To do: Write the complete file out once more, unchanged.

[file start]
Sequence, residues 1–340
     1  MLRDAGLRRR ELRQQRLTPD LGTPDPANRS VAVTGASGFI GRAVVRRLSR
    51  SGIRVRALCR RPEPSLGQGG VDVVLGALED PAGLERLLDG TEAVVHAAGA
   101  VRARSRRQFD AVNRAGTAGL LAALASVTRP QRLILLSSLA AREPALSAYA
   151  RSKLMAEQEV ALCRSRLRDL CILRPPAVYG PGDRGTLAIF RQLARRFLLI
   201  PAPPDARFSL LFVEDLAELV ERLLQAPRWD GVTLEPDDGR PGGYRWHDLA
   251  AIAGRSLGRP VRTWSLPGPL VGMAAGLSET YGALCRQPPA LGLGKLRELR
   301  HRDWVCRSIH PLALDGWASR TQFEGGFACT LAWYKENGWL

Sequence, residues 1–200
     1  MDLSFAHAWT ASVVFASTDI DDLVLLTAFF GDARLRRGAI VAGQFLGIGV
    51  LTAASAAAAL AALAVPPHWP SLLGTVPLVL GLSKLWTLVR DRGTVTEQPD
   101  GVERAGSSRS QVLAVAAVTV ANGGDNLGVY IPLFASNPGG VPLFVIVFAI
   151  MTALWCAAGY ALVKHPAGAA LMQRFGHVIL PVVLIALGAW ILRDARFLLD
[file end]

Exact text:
Sequence, residues 1–340
     1  MLRDAGLRRR ELRQQRLTPD LGTPDPANRS VAVTGASGFI GRAVVRRLSR
    51  SGIRVRALCR RPEPSLGQGG VDVVLGALED PAGLERLLDG TEAVVHAAGA
   101  VRARSRRQFD AVNRAGTAGL LAALASVTRP QRLILLSSLA AREPALSAYA
   151  RSKLMAEQEV ALCRSRLRDL CILRPPAVYG PGDRGTLAIF RQLARRFLLI
   201  PAPPDARFSL LFVEDLAELV ERLLQAPRWD GVTLEPDDGR PGGYRWHDLA
   251  AIAGRSLGRP VRTWSLPGPL VGMAAGLSET YGALCRQPPA LGLGKLRELR
   301  HRDWVCRSIH PLALDGWASR TQFEGGFACT LAWYKENGWL

Sequence, residues 1–200
     1  MDLSFAHAWT ASVVFASTDI DDLVLLTAFF GDARLRRGAI VAGQFLGIGV
    51  LTAASAAAAL AALAVPPHWP SLLGTVPLVL GLSKLWTLVR DRGTVTEQPD
   101  GVERAGSSRS QVLAVAAVTV ANGGDNLGVY IPLFASNPGG VPLFVIVFAI
   151  MTALWCAAGY ALVKHPAGAA LMQRFGHVIL PVVLIALGAW ILRDARFLLD